The Grand Cherokee Overland comes with the 5.7-litre “Hemi” V8, now good for 352 hp at 5200 rpm and 520 Nm at 4200 rpm, mated to a 5-speed automatic with manual-shift capability. While this powerful Jeep moves with authority at a press of the throttle, it is pretty heavy at 2307 kilos. Combine that with average low-end torque and an aging transmission, we managed a 0-100 kph time of 7.9 seconds in our January test, making it only slightly quicker that our own 2002 Jeep Grand Cherokee with the old 4.7-litre V8, which weighs nearly half-a-ton less. Still, the 2011 Overland’s fuel economy matched that of our less-powerful Jeep, as we burned petrol at a rate of 16.8 litres/100 km.
The Jeep Grand Cherokee remains good to drive on the road. Whether you opt for the Overland with the air suspension or the Laredo with the regular shocks, this Jeep is composed around corners, with moderate body roll at most in the sharpest corners, and none of the floaty rebound that affects more truckish 4x4s. It pretty much drives like a tall crossover, and while it expectedly squeals its 265/50 tyres early in tight turns due to its weight, body control is always good.
All-round visibility is respectable. While the steering is surprisingly firm, it offers only a bit of feedback. The ride quality is fairly compliant, even if mildly on the firm side too due to the 20-inch wheels. Noise insulation is decent up to 100 kph, after which wind noise becomes noticeable. And the brakes are not eye-poppingly strong, but the ABS-assisted four-wheel-discs get the job done okay. We did drive it in heavy rain, and we probably have the invisible all-wheel-drive system to thank for being able to keep doing 130 kph on the wet highway without issues.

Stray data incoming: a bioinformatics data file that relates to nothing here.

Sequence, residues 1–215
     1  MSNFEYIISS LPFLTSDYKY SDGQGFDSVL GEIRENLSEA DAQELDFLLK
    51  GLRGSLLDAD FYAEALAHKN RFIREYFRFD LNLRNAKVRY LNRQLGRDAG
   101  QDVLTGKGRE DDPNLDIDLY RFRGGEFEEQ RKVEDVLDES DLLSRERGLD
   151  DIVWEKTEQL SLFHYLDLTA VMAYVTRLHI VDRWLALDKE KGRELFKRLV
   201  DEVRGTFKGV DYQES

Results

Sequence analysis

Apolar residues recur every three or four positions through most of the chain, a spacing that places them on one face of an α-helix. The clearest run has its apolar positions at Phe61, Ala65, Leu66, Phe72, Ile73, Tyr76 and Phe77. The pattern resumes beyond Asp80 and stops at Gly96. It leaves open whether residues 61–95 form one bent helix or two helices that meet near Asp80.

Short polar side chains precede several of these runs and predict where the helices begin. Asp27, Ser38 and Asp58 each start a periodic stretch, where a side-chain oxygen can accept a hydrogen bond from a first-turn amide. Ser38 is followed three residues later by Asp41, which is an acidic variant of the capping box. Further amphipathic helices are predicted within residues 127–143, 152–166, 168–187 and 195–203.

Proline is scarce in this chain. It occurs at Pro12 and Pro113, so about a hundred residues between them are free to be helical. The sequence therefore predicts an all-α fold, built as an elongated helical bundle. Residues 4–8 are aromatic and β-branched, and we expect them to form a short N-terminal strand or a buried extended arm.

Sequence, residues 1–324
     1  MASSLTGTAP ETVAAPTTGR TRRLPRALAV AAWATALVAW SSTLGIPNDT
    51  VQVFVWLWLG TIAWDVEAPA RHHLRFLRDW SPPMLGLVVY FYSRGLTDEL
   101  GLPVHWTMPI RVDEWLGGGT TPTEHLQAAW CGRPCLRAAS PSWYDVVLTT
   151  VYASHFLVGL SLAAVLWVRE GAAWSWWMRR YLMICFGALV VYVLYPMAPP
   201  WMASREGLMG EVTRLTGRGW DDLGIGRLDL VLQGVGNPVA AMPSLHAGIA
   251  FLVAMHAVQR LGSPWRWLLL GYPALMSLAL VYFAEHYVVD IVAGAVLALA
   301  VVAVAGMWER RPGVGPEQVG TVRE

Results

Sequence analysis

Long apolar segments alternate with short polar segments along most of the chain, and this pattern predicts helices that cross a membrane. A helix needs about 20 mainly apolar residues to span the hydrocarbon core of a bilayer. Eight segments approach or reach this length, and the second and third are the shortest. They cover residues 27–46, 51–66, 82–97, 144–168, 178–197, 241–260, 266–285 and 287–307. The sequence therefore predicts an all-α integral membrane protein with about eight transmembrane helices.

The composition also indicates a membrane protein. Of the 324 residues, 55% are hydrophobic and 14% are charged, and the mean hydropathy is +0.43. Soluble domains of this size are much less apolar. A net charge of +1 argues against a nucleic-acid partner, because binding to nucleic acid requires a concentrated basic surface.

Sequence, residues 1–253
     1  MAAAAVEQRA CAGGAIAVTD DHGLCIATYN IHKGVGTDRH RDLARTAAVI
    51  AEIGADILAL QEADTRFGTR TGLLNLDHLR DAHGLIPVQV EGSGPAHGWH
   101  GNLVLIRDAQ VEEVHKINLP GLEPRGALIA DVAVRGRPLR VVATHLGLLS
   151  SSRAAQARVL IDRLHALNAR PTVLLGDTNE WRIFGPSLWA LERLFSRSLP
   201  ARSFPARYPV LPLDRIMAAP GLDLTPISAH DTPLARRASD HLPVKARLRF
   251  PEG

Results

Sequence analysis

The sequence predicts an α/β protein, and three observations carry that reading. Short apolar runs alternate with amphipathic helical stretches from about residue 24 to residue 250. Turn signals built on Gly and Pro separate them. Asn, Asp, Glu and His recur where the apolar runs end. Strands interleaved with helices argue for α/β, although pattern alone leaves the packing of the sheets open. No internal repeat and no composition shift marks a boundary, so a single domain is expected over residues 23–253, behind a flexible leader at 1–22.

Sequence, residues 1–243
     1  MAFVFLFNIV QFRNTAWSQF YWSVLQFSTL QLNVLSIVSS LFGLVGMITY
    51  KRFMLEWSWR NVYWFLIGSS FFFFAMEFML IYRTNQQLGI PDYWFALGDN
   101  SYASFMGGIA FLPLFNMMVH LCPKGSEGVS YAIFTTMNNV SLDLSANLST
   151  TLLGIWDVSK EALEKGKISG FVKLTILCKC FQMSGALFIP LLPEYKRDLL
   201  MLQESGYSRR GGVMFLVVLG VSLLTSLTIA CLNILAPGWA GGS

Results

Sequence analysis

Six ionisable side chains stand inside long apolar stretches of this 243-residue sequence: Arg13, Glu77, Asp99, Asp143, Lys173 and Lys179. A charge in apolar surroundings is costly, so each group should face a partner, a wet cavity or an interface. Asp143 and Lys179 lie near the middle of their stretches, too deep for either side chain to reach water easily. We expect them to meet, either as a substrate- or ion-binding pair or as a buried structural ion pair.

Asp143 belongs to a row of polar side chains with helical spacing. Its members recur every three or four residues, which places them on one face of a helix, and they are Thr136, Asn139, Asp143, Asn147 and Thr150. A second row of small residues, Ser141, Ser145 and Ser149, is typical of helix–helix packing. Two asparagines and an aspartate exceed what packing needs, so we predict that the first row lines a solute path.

The Grand Cherokee remains a class apart by behaving like a crossover on the road, while being as capable as any truck-based 4×4 off the road. It now comes with a terrain-select system to choose between Sand/Mud, Snow, Rock and Sport, with a separate button to engage low-range gearing. We bashed some serious dunes with the V6-powered Laredo model at an earlier event, and the V8-powered Overland just ups the ante with a height-adjustable suspension system that adds several inches of ground clearance at the touch of a button. All-independent suspension is not a problem when you can just power through it all.
The all-new Jeep Grand Cherokee is one of the best 4×4 vehicles we’ve ever tested in terms of balancing on-road dynamics, off-road prowess, premium feel and V8 power. Nothing else comes close in its price range. With the latest iterations of the Porsche Cayenne, the Ford Explorer and the VW Touareg losing their low-range gearing, we assume only Land Rover’s trucks are left as viable competitors, as none in the Japanese set are up to the mark in road handling. So yes, we’ll go ahead and say it — the 2011 Jeep Grand Cherokee is a value-meal alternative to a Range Rover Sport.